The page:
have a "service corps" that lacks this experience and is therefore
ready to repeat it.
On the other hand, as we move into the knowledge era,
society is shifting its values. One of these shifts is from valuing
products not only for their intrinsic qualities, but also for their
symbolic qualities ( Nike shoes). Creativity is basic to nurturing
symbolic quality and creativity is inherent in architectural education.
Architects can contribute to the discussion on instructional practice
from this perspective. Until schools of education develop a strong
component of creativity in their curriculum, architects may be the best
Architects can be very constructive in helping school boards move to an
understanding of the importance of school design to learning. But
we need to be very careful here. Is the architect telling the
client what learning should take place or how students should learn?
That should be the client's job. The architect should be providing
design solutions to meet the objectives established by the client.
In the later context it would be very appropriate for the architect to
assume the role of providing information to the client on how this might
be accomplished from a design perspective.
times the school board has not built a building in many years and may
not be knowledgeable about all of the new design ideas and how they
might impact learning. But I would suggest the architect be very
careful not to assume the client's role and responsibility.
collaborative planning and design approach usually provides the school
board and the architect with the best of both worlds.
would agree with Bruce's caution. Even when the architect has more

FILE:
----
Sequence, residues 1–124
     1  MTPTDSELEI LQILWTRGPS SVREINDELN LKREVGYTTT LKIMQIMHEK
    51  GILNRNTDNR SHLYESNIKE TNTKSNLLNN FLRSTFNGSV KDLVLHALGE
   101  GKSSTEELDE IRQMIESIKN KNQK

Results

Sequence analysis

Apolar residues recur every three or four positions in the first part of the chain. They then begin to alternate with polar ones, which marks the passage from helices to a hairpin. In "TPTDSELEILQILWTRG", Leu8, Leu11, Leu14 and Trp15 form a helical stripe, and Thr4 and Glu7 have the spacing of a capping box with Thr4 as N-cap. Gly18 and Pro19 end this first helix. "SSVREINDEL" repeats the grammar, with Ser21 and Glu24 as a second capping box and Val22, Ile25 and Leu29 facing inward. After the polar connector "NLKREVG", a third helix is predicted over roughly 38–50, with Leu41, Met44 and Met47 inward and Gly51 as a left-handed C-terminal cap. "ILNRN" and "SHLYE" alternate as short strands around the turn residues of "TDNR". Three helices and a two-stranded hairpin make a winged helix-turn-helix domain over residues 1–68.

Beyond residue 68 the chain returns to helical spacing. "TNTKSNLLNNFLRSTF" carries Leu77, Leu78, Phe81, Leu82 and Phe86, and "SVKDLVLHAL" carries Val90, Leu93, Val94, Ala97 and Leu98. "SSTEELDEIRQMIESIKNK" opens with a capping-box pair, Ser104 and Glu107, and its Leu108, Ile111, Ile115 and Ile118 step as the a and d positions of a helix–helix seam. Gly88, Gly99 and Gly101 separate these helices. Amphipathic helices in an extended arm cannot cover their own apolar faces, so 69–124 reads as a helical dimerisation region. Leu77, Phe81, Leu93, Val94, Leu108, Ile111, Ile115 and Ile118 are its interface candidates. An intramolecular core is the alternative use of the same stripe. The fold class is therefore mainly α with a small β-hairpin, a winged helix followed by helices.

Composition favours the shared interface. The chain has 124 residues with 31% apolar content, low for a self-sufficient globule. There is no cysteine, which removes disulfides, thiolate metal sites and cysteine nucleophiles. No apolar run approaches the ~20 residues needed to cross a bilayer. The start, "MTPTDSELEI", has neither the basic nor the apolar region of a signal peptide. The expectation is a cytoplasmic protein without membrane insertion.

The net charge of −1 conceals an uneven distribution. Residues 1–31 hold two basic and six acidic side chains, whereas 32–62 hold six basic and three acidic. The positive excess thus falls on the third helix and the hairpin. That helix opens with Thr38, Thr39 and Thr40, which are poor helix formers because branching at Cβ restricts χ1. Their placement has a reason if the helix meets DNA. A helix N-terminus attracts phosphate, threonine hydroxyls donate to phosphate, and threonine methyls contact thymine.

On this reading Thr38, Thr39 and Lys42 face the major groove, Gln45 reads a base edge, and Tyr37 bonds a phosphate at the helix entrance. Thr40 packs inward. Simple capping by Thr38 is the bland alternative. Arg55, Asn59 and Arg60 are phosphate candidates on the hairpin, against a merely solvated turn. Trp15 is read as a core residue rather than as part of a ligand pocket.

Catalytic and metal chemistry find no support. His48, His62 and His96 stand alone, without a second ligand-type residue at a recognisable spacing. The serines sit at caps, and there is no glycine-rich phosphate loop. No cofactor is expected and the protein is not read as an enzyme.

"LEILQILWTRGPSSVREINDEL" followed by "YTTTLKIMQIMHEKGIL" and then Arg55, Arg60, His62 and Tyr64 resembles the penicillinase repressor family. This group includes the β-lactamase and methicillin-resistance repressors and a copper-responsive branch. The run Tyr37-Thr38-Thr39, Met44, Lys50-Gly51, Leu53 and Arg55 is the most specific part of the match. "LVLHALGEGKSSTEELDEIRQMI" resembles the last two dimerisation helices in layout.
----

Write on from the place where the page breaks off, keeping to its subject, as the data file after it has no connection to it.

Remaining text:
knowledge than the client, the educator is still the client. You
should find ways to enlighten the client but in the final analysis it is
Q Andy Simpson: Knowing that new models are
difficult at best to implement given constraints of facilities
management, staff reluctance, local politics and others, what is your
best advice to educational leadership (superintendents, board members
and instructors) for navigating the current watershed?
Bruce Jilk: First I would advise people
buy into and follow a comprehensive process. I typically use the
"Design Down" process,
but there are others. In addition: 1) be clear about the true purpose of
the endeavor; 2) involve representatives of all stakeholders; 3) begin
with the needs and expectations of the larger community; 4) agree on
what is special about the project; and 5) be honest about the learner
expectations. Everyone has ownership (not just the superintendent or
architect) and you can never communicate enough. Learn about other
programs by visiting them. Although it is a poor substitute, if you
cannot make the visits, have representatives from those programs come
and visit the design/planning team. Next, this effort needs leadership
(which can come from anywhere but is best if it comes from the school
system) and skilled facilitation (which can also come from anywhere but
is best if it comes from outside the school system). Finally, it is
essential that everyone make decisions around what is best for the
out for statements such as: “The school board won't approve,” “The
superintendent's job is at stake,” or “This is outside the union
agreement.” None of these are in the primary interest of the child.
William DeJong: I
couldn't agree with Bruce more. A participatory process is
essential. There are a number of good techniques to accomplish
this. We use what we call a "planning lab"
approach. It is a multiday, interdisciplinary approach and
involves a broad based group of stakeholders. Too often I have
seen projects become the sum of the parts. I believe projects need
to be developed from the whole to the parts and back to the whole.
It also needs to focus on the future and not planning in the rearview
mirror. This doesn't mean that we can't learn things from the past
but it needs to be focused on learning, students and the future. I
believe with the right process it doesn't take long to break the mold,
but it can't be done by just having meetings with teachers once a week
for an hour after school.